Writing About Friends

FriendsSooner or later most of us want to write stories about people who are or were special to us. These stories may be free-standing tributes, or you may include friends as characters in memoir stories. Some such stories work better than others. In fact, as much as I hate to say this, some can be downright boring, the exact opposite of what we intend. The boring stories are generally limited to an account of things you did together, which makes the story more about your experience than the friend.

While it’s perfectly fine to write about shared experiences, it takes more to define a relationship. Use these tips to write glowing tributes that will help readers love your friends as much as you do.

Give examples of what makes the person special to you.
If you say only that “Joan was a wonderful friend,” we have no idea what that means. Tell us what Joan did that set her apart, how she went above and beyond. Did she have a special sense of humor that always lifted your spirits? Was she one of those people who always shows up with chicken soup when someone is sick?

Season with feelings.
Embed reports of how you feel about this person, what emotions he or she evokes. Use specific actions or conversations to give context to these reports.

Add some action.
Yes, this is another way of saying, “Show, don’t tell.”

Include some quirks.
Make your friend real with quirks that set her apart. Does she laugh too loud? Compulsively rearrange a dishwasher after someone else loads it? Is his desk a disaster?

Dramatize with dialogue.
Dialogue is one area of writing where clich├ęs and jargon are welcome, in moderation. Let the way your friend speaks add color to your portrait.

Seek input from others.
When you write about people dear to you, you become immersed in a holographic memory of events, experiences, and the reality of that person. You may not realize that you’ve left out key details like what the person looks like and similar things.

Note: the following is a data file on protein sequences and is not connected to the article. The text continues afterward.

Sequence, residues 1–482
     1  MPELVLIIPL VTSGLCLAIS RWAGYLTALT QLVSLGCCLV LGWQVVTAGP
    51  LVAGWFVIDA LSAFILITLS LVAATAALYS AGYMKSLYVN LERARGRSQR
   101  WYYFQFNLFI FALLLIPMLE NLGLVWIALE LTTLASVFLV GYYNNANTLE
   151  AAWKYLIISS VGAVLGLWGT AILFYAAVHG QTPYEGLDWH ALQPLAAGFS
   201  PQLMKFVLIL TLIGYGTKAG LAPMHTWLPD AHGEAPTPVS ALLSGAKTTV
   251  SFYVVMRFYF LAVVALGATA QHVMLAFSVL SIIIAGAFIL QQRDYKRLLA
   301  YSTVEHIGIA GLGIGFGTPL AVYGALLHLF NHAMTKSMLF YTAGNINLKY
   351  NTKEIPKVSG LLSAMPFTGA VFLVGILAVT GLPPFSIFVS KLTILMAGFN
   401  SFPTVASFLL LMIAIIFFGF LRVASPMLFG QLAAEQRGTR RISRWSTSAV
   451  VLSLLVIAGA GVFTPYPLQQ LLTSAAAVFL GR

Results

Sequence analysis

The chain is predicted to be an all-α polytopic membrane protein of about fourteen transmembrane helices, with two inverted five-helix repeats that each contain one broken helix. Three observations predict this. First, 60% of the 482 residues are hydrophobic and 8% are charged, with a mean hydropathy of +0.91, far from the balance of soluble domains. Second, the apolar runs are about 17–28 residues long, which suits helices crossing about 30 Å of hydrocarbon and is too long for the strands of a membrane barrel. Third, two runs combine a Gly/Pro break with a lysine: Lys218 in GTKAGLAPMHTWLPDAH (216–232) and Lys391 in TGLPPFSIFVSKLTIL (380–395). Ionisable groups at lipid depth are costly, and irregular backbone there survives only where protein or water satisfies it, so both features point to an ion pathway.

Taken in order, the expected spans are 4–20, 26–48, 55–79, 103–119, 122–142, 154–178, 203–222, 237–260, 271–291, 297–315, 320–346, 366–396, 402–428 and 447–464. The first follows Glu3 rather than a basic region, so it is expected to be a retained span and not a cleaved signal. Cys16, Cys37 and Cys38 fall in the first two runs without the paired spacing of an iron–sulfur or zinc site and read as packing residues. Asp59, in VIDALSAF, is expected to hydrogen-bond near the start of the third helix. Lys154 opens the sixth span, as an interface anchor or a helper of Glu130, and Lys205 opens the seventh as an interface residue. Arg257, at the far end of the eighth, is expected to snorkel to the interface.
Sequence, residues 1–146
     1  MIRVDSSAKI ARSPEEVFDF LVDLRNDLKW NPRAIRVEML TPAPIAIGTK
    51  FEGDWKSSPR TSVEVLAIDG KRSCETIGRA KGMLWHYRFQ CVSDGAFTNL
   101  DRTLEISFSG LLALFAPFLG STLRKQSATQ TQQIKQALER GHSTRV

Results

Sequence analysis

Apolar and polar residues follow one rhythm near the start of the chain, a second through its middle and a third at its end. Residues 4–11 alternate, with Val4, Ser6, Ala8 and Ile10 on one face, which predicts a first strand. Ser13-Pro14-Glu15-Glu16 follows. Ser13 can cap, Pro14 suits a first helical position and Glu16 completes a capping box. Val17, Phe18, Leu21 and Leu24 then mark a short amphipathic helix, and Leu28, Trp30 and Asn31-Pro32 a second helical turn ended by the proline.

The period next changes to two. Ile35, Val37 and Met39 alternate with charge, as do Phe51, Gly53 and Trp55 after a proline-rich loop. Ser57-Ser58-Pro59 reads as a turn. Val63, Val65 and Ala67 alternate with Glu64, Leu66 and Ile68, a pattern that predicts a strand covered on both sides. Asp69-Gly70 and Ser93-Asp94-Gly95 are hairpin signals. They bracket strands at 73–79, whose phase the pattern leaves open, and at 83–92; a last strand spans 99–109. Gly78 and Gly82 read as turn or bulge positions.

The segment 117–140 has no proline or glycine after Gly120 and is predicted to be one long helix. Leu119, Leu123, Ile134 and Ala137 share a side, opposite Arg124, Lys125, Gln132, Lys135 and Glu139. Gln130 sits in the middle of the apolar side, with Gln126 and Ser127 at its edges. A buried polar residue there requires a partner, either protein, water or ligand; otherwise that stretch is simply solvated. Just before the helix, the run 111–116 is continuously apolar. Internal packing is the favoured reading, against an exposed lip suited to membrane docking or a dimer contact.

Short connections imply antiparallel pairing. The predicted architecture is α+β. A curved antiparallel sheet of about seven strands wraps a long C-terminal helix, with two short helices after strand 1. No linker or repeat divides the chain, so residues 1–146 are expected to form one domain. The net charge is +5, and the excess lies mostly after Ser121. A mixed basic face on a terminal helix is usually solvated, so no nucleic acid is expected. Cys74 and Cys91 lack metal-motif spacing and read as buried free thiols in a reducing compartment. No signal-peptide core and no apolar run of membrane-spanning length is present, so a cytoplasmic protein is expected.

Make preliminary notes.
While it often works well to simply start writing, for a special tribute planning can help. Use a pen and paper to jot down a few thoughts as you pause to ponder

  • What does this person mean to you?
  • How does she make you feel?
  • What does she do to make you feel this way?
  • What is sets this person apart and makes him special, in general and to you in particular.
  • What do you want the reader to understand about this person?

Crystalize your answers into terse statements. For example for “How does she make you feel?” you may write, “treasured, valued, understood.” When you draft your final story, include the thoughts you’ve uncovered this way to make your story glow with heart-warming energy.

Write now: write a short tribute to a special friend or someone who has been helpful and inspiring to you. Use the points above to flesh it out. Then send a copy to your friend.

Image credit: Stu Seeger. Cropped image shared under Creative Commons license.


marian beaman said...

This timely post comes as I am fleshing out the characters (friends and relatives) in my memoir draft. Dramatizing with dialogue and including quirks are two of the tips that I hope will make my "characters" three-dimensional. Another tip: Abolishing passive voice. Unless needed for effect, passive voice sounds weak to me.

Sharon Lippincott said...

Thanks for that additional power tip Marian. That point can't be emphasized enough!

Donna Barker said...

This is great advice, Sharon! I was teaching a course last week (unrelated to writing) and one of the participants googled me while I was talking (a 60-something man, who should have known better!). He found my websites and at lunch told me he'd been wanting to write his life story for years but didn't know where to start.

My glib answer was, "put butt in chair and pen to paper," but my thoughtful one was to start by writing about one clear experience with a friend or lover. And to write it as a letter to that person.

Sometimes, when I find it hard to write a personal essay, I step back and put the focus on another person in the story rather than myself. Works like a charm.

Sharon Lippincott said...

Oh Donna, I love your advice about starting to write with a letter to a friend about one class experience. Beautiful. And focusing on someone else rather than yourself — magical. I'll bet this helps shift your perspective, which will always deepen the story.

Thank you for sharing these powerful insights.